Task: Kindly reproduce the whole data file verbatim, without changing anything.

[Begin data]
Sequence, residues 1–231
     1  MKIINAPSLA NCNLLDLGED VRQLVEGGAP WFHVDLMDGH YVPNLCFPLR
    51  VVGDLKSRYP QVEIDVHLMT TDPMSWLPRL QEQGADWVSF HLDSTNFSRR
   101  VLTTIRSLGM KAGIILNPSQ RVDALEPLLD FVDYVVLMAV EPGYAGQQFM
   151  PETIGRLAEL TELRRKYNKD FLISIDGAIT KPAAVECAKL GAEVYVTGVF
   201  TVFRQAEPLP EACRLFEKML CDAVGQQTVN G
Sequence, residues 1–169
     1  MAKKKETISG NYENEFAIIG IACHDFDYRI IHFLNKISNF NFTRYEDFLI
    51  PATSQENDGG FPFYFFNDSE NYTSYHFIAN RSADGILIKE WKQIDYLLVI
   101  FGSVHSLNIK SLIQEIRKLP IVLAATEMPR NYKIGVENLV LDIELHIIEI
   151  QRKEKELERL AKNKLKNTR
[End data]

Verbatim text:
Sequence, residues 1–231
     1  MKIINAPSLA NCNLLDLGED VRQLVEGGAP WFHVDLMDGH YVPNLCFPLR
    51  VVGDLKSRYP QVEIDVHLMT TDPMSWLPRL QEQGADWVSF HLDSTNFSRR
   101  VLTTIRSLGM KAGIILNPSQ RVDALEPLLD FVDYVVLMAV EPGYAGQQFM
   151  PETIGRLAEL TELRRKYNKD FLISIDGAIT KPAAVECAKL GAEVYVTGVF
   201  TVFRQAEPLP EACRLFEKML CDAVGQQTVN G
Sequence, residues 1–169
     1  MAKKKETISG NYENEFAIIG IACHDFDYRI IHFLNKISNF NFTRYEDFLI
    51  PATSQENDGG FPFYFFNDSE NYTSYHFIAN RSADGILIKE WKQIDYLLVI
   101  FGSVHSLNIK SLIQEIRKLP IVLAATEMPR NYKIGVENLV LDIELHIIEI
   151  QRKEKELERL AKNKLKNTR